A three-hour pause in trading Thursday on the Nasdaq stock exchange raised concerns anew about cyber security and whether technology is overwhelming financial markets and regulators.
Trading of all securities listed on the tech-heavy Nasdaq, where roughly 1.6 billion shares are traded daily, ground to a halt at 18 seconds past 12:20 p.m. EDT.
Trading remained frozen for more than three hours – affecting big-name stocks such as Apple, Microsoft and Facebook – resuming roughly a half-hour before the close of trading for the day.
In a statement more than five hours after the halt of trading, Nasdaq officials said a glitch in the system of quoting prices was the culprit and was resolved within half an hour. The rest of the delay, they suggested, was caused by the need to work with regulators and other stock exchanges to prepare for resumption of trading.
Later in the evening, officials described the problem as one of connectivity with an undisclosed market participant.
The Securities and Exchange Commission was mum for much of the day, but Thursday evening Chairman Mary Jo White issued a statement promising to gather Wall Street leaders and redouble her push for greater scrutiny of electronic trading.
“(The day’s) interruption in trading, while resolved before the end of the day, was nonetheless serious and should reinforce our collective commitment to addressing technological vulnerabilities of exchanges and other market participants,” she said.
White repeated a promise to push for new safeguards in electronic trading proposed by the SEC earlier this year. She also said she would convene a meeting of the exchanges and financial leaders “to accelerate ongoing efforts to further strengthen our markets.”The White House said Chief of Staff Denis McDonough briefed President Barack Obama during a bus tour of upstate New York.
McClatchy obtained access to a market system status report that Nasdaq provided to traders. It showed that Wall Street was alerted to problems at 11:45 a.m. EDT, more than half an hour before the actual halt in trading.
Nasdaq officials warned that momentary interruptions in the price-quoting system had occurred from 10:57 a.m. to 11:03 a.m. but had returned to normal. Then at 12:09 p.m., traders were advised of problems in submitting price quotes that flow between various stock exchanges and allow traders to know the actual real-time price of shares. Eleven minutes later, all trading stopped.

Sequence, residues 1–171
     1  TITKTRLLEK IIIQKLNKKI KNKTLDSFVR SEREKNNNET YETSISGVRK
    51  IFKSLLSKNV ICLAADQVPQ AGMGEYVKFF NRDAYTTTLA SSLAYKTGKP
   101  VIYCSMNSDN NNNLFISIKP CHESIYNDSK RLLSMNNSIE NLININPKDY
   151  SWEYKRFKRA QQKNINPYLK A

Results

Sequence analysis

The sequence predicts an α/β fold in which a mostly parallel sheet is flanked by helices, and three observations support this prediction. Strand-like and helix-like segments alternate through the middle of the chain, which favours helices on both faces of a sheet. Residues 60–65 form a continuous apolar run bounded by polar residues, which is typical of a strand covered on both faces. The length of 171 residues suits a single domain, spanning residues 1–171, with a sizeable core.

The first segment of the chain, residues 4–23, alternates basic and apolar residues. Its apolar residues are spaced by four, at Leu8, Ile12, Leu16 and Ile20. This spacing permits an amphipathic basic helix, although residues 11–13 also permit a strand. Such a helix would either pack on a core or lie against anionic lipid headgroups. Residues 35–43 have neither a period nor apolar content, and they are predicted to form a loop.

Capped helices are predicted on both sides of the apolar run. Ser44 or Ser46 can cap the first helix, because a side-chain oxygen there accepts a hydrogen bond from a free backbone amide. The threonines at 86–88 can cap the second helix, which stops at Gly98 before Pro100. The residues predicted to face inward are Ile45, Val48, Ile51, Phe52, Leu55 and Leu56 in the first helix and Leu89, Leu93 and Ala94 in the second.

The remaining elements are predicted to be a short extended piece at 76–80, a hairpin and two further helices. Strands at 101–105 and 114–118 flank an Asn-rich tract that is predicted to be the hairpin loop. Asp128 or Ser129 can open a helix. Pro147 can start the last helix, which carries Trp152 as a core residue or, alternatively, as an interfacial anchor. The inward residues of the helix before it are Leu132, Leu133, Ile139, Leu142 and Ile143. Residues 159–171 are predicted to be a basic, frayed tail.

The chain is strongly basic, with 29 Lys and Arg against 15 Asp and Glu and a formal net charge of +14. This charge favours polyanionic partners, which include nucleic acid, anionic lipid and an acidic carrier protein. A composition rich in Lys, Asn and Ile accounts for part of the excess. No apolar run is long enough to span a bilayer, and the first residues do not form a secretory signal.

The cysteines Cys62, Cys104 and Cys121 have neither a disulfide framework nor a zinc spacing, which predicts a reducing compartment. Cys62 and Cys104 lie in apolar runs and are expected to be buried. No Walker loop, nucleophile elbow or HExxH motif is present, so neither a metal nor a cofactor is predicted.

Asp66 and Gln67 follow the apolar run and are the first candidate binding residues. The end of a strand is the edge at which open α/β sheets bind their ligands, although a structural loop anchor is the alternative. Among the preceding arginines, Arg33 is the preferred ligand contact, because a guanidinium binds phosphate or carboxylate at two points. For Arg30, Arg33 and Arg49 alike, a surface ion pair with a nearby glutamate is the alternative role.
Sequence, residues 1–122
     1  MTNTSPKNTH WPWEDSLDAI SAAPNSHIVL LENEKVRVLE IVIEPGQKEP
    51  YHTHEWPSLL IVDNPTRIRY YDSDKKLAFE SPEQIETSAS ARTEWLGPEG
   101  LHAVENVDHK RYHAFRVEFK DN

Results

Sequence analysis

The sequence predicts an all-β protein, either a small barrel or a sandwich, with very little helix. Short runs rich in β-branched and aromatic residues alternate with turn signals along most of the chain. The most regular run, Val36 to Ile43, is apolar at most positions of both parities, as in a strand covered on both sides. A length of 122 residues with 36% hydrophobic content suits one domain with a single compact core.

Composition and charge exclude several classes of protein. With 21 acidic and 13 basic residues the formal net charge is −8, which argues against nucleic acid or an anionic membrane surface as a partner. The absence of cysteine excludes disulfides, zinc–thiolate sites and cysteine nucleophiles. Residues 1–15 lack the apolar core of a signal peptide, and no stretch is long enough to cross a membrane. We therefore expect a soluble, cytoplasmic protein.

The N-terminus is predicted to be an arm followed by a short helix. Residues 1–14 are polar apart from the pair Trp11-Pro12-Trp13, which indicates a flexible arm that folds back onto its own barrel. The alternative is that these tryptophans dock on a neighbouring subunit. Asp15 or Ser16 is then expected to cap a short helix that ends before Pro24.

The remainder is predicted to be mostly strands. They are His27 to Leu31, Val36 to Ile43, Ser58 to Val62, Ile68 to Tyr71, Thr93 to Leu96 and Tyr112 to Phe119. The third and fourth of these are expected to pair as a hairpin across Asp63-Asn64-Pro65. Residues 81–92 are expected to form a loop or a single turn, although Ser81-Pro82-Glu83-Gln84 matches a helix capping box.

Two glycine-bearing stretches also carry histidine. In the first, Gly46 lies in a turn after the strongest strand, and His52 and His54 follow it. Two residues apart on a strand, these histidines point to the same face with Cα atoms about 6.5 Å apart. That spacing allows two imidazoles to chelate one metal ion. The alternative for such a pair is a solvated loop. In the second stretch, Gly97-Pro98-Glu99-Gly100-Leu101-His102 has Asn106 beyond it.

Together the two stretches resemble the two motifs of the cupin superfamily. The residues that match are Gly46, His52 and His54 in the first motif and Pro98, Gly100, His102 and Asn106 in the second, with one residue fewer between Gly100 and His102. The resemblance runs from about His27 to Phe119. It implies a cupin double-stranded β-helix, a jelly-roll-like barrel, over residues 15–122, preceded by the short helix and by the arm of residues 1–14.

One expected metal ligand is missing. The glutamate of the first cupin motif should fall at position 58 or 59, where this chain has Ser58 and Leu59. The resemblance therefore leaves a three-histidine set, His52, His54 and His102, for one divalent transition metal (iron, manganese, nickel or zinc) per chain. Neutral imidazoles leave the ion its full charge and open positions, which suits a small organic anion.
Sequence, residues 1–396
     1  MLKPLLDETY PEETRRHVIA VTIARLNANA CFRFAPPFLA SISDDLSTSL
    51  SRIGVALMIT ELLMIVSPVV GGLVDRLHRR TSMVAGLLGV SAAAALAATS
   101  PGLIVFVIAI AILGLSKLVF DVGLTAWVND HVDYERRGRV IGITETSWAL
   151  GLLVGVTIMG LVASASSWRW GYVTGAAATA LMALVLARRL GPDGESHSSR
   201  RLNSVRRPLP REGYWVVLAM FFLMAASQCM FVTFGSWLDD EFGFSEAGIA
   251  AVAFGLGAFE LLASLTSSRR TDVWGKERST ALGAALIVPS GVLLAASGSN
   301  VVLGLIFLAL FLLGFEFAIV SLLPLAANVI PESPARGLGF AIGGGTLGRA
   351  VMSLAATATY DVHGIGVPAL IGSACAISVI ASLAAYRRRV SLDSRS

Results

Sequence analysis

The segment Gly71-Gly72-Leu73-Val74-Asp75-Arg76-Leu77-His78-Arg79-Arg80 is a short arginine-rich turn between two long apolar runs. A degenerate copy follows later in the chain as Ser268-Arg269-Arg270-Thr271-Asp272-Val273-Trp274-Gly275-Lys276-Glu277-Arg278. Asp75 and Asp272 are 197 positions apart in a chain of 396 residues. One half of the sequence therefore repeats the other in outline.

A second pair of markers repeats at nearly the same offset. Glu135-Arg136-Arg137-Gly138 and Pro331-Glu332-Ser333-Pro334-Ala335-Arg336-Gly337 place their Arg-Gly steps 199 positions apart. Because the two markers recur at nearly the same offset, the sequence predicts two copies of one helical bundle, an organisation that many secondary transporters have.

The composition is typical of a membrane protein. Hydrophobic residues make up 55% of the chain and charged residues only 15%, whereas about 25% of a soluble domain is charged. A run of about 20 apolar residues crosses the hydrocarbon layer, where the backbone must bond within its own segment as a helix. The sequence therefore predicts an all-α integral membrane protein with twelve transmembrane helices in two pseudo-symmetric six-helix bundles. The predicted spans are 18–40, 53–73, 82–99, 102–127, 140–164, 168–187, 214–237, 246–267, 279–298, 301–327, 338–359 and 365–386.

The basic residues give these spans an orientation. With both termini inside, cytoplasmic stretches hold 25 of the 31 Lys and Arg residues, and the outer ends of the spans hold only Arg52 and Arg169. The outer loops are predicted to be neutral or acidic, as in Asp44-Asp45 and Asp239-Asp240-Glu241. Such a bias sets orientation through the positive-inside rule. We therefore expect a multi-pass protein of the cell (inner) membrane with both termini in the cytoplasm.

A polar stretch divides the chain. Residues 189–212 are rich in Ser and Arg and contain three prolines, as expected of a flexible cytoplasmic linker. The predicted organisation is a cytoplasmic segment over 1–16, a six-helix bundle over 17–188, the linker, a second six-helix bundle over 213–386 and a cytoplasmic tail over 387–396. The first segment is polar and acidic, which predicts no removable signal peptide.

Initial fears were that a computer hacker had damaged Nasdaq systems. Then rumors swirled that it was a technical problem. By the dinner hour, neither had been proven nor discarded, although the Nasdaq’s reference to a glitch suggested technical issues.
The lack of clarity raised questions about whether the Nasdaq had enough redundancies in its electronic-trading system. That it happened at summer’s end on a day where trading was light was both fortunate and troubling.
“The functionality worries me a little bit because today was a very low volume day for a glitch to happen when the movement is not extreme,” said Scott Redler, chief strategic officer for T3 Trading in New York. “Imagine if there was a lot of movement, traders could be trapped in positions.”
The scant details also raised concerns about whether a role was played by high-frequency traders, who buy or dump massive volumes of stocks in milliseconds. They came to national attention during the “Flash Crash” on May 6, 2010, when the Dow Jones Industrial Average plunged 998.5 points, or almost 10 percent, before quickly recovering values.
Despite the halt, the Nasdaq managed to close up 38.92 points at 3638.71. The Dow rose 66.19 points to 14,963.74 and the S&P 500 climbed 14.16 points to 1656.96.
On Thursday, many asked whether the glitch was triggered by high-speed traders using computer algorithms looking for anomalies in trading patterns. Although an answer was elusive, the worry remained that markets have grown too complex and technical.
“We’re just seeing this happening on a repetitive basis. The market is not equipped to deal with the high speeds in which trading is done,” said Michael Greenberger, a former financial regulator and a University of Maryland law professor. “The trading needs to be slowed down, there needs to be evidence that there was human intervention before (computer) trades are made.”
By Kevin G. Hall
McClatchy Washington Bureau